In a conversation I had with Randy earlier in the day while waiting for the rain to die out, we discussed a few issues that they thought of in reflecting on previous descriptions of what I planned to do. First, there are a few places on the trail they were concerned older hikers might have a problem with. I agreed that that could be an issue and we worked out a couple alternate routes that seem to work well. We also discussed the issue of rocks. There are parts of the trail covered in a multitude of loose sandstone and I had originally thought it might be a nice touch to use some of it to make noise but the more they thought about it they thought it might give hikers the impression that it was OK to remove and even throw rocks. We compromised on liming the use of these rocks to one specific location and using them in a way that merely moved them a bit farther down the quarry (not to give too much away) into the shallows of the river. I am lucky to be working with folks that know their parks so well and are enthusiastic about the idea. It would be easy enough for them to just say not to some of my ideas just to err on the safe side but they have been very generous with their time in helping me find solutions that work for artistic purposes while maintaining the integrity of the park itself.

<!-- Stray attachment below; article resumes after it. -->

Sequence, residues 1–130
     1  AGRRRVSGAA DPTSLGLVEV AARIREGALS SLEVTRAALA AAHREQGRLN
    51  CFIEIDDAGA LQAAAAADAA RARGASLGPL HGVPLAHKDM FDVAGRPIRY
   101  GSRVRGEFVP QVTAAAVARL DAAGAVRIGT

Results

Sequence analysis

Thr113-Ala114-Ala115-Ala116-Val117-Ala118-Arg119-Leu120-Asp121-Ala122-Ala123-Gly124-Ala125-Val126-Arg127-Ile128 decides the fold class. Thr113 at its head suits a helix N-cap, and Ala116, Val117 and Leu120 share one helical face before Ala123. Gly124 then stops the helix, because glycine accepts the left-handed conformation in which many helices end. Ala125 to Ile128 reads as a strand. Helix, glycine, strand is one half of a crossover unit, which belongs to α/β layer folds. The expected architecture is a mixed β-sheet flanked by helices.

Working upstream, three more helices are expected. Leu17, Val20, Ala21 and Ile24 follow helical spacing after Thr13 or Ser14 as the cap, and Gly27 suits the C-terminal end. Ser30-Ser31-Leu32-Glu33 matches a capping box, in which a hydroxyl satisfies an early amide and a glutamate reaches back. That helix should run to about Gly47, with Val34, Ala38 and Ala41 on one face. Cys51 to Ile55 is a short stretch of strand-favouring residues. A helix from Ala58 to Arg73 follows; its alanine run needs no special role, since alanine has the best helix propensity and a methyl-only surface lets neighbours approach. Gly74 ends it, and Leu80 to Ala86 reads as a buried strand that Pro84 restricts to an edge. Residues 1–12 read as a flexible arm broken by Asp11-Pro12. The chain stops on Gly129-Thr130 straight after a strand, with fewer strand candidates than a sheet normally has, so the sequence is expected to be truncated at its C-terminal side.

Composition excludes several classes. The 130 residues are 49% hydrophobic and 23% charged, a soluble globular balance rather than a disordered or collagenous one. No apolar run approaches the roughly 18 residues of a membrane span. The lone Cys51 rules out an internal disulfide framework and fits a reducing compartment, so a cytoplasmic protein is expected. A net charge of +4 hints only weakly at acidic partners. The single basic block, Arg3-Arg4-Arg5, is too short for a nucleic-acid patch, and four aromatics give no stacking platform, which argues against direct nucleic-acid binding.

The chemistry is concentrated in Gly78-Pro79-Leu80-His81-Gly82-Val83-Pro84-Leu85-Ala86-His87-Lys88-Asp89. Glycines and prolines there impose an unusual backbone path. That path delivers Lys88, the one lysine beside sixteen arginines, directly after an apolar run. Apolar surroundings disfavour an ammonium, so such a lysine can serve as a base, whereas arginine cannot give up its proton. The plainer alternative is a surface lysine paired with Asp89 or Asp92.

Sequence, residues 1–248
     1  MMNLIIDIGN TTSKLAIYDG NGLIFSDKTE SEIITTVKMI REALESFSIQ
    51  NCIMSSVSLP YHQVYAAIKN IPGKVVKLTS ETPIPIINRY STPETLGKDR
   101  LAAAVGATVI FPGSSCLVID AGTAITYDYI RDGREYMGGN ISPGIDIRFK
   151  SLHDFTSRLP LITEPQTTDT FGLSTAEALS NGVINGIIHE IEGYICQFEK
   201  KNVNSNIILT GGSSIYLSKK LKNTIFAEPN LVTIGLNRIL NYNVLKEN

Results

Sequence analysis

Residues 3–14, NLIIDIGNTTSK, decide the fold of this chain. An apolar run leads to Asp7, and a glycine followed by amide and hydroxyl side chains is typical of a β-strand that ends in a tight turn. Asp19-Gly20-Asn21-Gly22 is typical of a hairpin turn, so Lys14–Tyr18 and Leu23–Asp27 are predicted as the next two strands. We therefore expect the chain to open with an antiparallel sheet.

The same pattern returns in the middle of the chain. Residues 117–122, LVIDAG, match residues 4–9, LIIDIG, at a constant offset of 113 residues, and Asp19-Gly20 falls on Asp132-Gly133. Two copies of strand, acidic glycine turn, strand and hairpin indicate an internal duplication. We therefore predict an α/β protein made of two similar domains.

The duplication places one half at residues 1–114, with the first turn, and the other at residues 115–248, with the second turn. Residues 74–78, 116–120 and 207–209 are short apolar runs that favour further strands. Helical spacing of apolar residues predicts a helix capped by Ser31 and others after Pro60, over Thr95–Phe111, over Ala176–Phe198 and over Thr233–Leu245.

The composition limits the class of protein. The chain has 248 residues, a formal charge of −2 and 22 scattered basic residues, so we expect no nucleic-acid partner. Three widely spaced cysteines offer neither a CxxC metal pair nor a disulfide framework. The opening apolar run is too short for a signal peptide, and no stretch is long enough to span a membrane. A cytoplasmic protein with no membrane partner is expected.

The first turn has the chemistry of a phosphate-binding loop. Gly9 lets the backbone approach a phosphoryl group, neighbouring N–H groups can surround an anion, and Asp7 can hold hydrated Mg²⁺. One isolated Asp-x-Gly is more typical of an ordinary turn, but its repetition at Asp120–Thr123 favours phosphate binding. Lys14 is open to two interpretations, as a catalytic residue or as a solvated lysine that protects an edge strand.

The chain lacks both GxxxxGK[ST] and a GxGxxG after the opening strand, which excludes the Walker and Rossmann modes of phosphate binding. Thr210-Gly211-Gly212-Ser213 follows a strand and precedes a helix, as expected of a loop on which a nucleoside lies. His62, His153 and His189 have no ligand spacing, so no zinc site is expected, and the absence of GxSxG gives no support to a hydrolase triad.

We also discussed the idea of doing a "Serenade to the Quarry" one of they days when I have multiple musicians helping. I should explain. During the Song Path dates. I have a number of musicians who are available at varying lengths of time and there are certain overlaps (tbd still) so at certain times I might have 3 or more musicians joining me. Of course, they don't all need to be on the song path at once as I am striving to keep the path itself quite minimal in its utilization of man made sound (although the park itself was really made by man so in a way, it is all man made sound~~~). Last night at around 6, one of the musicians whom I have mentioned before, Chris Chelgren, came with me on the path and was, as I was at first, really obsessed with seeing how every nook and cranny, pit and valley sounded. What we found was that close up, these features sometimes made disappointing sounds in relation to their visual grandeur. I realized that this was mostly due to the sandstone itself being somewhat porous an therefor, it absorbs sound. We did realize however, that from certain vantage points sound could probably be heard throughout the park, just not when obstructed by the sandstone formations and piles in the park. So we thought it would be great to do an impromptu serenade in the park in which we all just played our respective instruments (flute, violin, viola, and percussion) but at great distances. I have a sort of call and response piece that should work for just such an occasion and once I figure out when we are going to do them I will post it here and other places. This is kind of a fun idea that I think will work easily after a day of song path tours at around 6 or so. Then dinner and drinks around the campfire.